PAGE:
Jan Reid is a former senior editor at Texas Monthly and has contributed to Esquire, GQ, Slate, Men’s Journal, Men’s Health, and the New York Times. An early article about Texas music spawned his first book, The Improbable Rise of Redneck Rock. Among his ten books are a well-reviewed novel, Deerinwater, for which he won a Dobie-Paisano Fellowship; a collection of his magazine pieces, Close Calls,Rio Grande, a compilation of choice writing and photography on the storied border stream; and The Bullet Meant for Me, a reflection on marriage, friendship, boxing, and physical and emotional recovery from a deadly shooting in Mexico.
With bulldozers poised to plow through their family’s historic spread, three San Antonio sisters are waging war against the state department.
The only thing scarier than facing a great pitcher is facing a hothead like Roger Clemens.
In early 1836, after the fall of the Alamo, a small episode in Texas history revealed an aspect of our character we’d just as soon forget.
Though the leaders of Mexico’s revolution all lived short and violent lives, a handful of those who rode with them have survived to a ripe old age in Texas.
Yes, it’s muddy, it’s treacherous, and it smells bad enough to gag a skunk; but it’s also the only thing between us and Oklahoma.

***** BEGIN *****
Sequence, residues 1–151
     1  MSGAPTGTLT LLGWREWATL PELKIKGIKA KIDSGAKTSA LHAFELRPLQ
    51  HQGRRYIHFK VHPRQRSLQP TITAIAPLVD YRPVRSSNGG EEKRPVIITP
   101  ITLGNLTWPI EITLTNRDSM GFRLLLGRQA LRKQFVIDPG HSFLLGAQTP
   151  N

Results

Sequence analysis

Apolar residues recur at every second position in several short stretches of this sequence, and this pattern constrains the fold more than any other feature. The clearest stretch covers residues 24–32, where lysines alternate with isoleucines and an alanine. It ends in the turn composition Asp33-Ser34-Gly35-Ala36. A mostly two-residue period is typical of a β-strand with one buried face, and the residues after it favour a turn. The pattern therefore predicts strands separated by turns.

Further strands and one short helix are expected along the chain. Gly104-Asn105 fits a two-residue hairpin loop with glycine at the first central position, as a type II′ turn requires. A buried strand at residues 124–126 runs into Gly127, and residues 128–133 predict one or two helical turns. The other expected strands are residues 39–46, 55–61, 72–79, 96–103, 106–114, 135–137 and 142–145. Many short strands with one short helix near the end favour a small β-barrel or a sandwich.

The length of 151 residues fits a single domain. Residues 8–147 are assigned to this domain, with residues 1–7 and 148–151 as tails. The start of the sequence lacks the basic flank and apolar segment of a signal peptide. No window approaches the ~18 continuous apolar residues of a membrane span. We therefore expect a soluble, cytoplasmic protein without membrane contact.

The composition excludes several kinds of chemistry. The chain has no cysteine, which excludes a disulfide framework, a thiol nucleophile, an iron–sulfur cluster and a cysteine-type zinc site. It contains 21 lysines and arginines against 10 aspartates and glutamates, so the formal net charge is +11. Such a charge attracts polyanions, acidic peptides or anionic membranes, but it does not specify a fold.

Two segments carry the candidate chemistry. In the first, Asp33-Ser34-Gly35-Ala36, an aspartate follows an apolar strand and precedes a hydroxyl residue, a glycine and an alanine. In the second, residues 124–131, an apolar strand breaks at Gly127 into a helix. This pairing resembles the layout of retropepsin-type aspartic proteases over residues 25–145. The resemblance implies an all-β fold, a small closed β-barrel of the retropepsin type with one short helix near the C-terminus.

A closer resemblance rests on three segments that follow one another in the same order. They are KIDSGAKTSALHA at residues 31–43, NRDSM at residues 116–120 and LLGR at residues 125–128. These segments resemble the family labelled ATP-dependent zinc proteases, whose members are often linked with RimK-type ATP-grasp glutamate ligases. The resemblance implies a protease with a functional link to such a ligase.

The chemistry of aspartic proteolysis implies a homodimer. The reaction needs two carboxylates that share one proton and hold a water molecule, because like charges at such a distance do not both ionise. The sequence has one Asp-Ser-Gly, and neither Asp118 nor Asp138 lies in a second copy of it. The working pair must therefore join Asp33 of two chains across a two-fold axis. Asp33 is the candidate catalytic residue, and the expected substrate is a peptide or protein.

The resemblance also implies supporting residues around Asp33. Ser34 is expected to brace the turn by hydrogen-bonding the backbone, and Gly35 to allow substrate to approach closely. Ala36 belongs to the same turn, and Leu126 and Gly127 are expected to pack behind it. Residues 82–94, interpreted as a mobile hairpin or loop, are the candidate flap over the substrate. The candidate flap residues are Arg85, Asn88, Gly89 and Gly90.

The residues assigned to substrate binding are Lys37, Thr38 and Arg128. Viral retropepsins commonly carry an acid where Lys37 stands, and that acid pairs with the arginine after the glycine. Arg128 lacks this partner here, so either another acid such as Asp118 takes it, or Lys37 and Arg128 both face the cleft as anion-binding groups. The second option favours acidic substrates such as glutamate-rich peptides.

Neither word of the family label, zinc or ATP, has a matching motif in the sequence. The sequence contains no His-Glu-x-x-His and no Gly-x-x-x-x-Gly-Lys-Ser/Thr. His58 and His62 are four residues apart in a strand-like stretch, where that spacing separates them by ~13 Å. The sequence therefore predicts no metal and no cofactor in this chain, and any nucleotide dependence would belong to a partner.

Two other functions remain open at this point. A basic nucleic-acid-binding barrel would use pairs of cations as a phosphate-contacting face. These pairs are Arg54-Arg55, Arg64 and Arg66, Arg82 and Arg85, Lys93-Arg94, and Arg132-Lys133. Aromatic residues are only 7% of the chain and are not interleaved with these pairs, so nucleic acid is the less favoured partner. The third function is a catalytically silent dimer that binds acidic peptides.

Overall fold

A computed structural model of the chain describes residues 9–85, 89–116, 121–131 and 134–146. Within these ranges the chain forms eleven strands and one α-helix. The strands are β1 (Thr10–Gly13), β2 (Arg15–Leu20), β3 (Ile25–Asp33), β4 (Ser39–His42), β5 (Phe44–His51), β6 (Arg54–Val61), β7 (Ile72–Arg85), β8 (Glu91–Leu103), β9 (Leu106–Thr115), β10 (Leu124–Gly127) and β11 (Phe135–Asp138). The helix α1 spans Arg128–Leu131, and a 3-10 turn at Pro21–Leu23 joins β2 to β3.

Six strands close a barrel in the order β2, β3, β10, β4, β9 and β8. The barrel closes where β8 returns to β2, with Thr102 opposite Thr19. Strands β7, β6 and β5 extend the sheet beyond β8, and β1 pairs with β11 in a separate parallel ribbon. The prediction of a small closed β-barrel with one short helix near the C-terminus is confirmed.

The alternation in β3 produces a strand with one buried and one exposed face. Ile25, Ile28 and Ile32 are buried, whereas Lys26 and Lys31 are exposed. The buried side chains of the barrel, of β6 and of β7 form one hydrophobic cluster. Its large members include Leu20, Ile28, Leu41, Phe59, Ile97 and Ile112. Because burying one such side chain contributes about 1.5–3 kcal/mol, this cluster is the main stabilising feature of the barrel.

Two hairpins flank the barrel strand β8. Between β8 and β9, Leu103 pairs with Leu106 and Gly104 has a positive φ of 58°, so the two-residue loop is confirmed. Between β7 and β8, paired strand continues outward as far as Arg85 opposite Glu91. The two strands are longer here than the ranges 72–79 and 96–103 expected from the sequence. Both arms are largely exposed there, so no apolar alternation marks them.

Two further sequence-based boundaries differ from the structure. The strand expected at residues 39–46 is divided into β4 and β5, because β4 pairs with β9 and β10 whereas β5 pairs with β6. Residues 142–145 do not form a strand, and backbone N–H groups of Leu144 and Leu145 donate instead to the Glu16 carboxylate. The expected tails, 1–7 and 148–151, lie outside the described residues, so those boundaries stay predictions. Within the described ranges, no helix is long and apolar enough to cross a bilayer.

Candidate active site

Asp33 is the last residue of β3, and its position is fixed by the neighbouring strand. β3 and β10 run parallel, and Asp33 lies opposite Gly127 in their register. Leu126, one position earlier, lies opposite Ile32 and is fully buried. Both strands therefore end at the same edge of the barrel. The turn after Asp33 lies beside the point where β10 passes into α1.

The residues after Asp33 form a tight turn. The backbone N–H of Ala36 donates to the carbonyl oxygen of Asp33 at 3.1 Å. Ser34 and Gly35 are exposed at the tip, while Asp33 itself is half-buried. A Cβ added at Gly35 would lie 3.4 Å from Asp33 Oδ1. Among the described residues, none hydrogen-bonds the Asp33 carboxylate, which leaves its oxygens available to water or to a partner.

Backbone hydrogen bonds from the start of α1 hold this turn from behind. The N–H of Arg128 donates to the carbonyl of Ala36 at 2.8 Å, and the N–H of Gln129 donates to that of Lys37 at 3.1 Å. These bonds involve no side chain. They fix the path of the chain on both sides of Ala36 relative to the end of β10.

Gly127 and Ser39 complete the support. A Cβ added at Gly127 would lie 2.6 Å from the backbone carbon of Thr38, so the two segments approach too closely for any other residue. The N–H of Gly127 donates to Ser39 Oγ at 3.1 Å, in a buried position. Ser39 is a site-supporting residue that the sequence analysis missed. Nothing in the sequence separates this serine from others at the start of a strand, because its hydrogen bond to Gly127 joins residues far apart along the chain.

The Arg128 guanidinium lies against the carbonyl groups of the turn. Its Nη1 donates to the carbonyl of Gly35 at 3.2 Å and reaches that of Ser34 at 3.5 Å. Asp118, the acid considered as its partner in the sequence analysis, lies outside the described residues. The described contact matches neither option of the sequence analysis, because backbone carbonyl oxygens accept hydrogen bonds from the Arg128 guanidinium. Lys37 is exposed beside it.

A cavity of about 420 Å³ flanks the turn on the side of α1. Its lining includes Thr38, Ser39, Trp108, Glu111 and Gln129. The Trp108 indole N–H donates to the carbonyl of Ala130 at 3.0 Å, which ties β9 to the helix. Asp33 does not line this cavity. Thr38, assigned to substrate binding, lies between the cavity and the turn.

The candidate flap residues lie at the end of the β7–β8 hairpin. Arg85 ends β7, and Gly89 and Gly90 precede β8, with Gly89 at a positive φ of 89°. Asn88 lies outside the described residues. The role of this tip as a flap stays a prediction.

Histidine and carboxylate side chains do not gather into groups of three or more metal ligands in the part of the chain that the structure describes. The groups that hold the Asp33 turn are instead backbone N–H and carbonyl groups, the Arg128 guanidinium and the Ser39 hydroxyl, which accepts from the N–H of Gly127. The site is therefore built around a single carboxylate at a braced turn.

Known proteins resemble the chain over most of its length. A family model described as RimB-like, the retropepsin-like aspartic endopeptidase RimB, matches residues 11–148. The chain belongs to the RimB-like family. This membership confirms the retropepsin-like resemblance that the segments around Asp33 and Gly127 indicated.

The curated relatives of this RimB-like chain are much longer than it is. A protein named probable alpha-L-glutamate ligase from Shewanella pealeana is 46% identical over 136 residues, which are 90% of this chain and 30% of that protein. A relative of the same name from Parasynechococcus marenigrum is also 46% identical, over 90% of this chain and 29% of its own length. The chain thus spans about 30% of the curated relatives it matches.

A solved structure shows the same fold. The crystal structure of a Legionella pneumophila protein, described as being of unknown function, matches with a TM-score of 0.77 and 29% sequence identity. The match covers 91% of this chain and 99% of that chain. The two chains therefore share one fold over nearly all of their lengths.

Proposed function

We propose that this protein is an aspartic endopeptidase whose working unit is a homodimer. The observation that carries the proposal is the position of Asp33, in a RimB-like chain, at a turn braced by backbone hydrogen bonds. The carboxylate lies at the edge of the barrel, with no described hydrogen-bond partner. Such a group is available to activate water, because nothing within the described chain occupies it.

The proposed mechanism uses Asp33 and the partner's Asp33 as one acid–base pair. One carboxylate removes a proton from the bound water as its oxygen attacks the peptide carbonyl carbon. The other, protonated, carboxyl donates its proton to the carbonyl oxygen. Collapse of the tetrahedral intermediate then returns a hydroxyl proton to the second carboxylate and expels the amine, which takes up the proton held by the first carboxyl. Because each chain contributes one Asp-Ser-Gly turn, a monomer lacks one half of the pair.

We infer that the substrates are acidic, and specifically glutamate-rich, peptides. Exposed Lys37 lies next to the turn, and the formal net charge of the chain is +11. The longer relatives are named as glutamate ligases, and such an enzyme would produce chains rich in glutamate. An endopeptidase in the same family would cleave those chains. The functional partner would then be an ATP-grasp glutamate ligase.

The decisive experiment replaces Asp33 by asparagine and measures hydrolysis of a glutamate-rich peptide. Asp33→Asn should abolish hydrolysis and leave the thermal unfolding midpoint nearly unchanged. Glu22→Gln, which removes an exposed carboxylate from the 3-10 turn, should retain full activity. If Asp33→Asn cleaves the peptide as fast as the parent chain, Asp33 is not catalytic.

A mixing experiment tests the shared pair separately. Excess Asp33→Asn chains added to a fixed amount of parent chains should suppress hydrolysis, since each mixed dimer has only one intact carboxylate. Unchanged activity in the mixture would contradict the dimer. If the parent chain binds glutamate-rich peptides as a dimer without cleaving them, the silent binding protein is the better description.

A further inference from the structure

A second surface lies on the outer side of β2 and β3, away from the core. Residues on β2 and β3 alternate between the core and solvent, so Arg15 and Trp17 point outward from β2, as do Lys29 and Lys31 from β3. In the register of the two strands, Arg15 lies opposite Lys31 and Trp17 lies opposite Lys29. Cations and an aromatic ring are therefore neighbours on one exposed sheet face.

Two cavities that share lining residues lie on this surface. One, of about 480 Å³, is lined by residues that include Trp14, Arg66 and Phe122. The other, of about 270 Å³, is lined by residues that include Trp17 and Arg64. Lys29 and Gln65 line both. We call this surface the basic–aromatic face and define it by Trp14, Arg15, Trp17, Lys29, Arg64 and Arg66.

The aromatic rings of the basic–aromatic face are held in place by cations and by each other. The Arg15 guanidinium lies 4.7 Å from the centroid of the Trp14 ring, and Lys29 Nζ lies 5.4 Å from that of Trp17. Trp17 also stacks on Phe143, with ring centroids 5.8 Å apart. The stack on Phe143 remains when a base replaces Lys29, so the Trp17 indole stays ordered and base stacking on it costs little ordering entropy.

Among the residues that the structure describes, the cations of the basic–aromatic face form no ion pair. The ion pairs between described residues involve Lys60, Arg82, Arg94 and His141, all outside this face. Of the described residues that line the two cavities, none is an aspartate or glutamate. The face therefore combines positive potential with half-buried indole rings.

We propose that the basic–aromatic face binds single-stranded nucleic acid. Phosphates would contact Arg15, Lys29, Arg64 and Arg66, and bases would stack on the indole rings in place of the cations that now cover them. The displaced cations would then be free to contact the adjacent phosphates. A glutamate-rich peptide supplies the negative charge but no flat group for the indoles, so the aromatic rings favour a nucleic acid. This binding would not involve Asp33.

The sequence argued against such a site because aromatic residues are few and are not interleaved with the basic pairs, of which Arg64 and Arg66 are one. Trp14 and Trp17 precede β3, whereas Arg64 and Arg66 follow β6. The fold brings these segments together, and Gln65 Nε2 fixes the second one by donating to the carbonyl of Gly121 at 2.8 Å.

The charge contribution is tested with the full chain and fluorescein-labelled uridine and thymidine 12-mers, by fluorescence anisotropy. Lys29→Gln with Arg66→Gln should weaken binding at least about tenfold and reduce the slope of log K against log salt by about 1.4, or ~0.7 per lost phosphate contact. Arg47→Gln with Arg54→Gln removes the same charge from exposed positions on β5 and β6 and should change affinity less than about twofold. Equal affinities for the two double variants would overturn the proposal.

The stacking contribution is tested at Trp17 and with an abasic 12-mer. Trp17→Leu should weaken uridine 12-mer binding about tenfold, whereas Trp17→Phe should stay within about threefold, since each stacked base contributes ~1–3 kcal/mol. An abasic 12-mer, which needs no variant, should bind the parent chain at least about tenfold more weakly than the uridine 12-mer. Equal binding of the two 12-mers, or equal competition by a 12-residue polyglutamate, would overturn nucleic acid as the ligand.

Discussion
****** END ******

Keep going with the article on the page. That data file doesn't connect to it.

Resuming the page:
At first he couldn’t stand the strain of trying to get rich. Then he couldn’t stand the strain of being rich.
She unmasked the Klan and worried about the role of women, but she listened more to her husband than to the suffragettes.
Baby Calves, children, even the agriculture commissioner: no one is safe from this tiny deamon.
In darkest South Texas roam two of the world’s most endangered species—the black rhino and the Great White Hunter.
In 1541 Coronado and his troops stumbled upon a huge canyon in the midst of grassy plains and gazed upon it with awe. Journeying down into Palo Duro Canyon on mules 443 years later, I began to understand why.
He was an aggressive cop with one of the toughest beats in Dallas. But after fourteen years and another killing, the department took him off the street and slapped him behind a desk.
Jerry Argovitz made himself unpopular with NFL management as an abrasive player's agent. Now that he owns Houston's new football team, he finds himself on the other side of the table—and the issues.